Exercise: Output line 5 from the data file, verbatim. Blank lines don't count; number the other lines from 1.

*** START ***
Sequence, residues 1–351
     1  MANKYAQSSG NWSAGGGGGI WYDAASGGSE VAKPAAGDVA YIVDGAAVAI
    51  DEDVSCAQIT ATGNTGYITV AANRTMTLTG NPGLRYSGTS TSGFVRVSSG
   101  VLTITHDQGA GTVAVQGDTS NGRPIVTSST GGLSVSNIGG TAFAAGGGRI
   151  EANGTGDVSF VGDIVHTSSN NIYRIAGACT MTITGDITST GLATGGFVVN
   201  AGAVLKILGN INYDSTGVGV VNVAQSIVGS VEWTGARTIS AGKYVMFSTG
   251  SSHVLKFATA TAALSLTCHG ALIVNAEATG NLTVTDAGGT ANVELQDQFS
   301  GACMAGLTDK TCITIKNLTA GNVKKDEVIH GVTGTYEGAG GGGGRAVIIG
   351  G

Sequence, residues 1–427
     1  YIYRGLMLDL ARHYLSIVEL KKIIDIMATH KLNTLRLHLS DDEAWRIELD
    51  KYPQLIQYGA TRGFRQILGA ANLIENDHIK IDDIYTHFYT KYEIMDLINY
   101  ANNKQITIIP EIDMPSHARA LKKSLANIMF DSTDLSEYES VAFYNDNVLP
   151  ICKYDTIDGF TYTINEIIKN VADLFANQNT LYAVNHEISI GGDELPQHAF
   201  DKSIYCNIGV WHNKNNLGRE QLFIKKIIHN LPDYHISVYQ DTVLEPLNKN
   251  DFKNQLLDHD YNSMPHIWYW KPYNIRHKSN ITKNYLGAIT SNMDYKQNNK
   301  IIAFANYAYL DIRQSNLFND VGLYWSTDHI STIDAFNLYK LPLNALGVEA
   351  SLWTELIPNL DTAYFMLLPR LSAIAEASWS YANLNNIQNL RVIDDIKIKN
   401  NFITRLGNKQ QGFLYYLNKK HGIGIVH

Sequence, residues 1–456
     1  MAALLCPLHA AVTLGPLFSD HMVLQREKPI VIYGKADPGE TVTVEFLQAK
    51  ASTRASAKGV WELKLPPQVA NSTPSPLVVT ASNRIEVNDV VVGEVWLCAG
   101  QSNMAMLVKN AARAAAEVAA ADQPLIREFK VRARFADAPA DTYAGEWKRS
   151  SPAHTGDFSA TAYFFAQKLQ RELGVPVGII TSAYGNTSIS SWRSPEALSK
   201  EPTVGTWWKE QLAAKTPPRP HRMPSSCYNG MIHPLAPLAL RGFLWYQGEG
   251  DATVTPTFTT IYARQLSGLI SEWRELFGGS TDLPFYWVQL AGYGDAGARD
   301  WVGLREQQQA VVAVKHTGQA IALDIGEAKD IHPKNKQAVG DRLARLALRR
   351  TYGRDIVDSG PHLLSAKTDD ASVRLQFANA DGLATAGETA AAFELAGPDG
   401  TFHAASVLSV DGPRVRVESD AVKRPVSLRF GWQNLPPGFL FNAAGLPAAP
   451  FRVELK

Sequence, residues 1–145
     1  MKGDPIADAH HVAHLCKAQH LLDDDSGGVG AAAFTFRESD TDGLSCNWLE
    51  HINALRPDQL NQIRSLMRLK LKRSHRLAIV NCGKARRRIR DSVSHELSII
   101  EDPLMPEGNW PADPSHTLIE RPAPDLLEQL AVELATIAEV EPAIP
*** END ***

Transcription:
   151  EANGTGDVSF VGDIVHTSSN NIYRIAGACT MTITGDITST GLATGGFVVN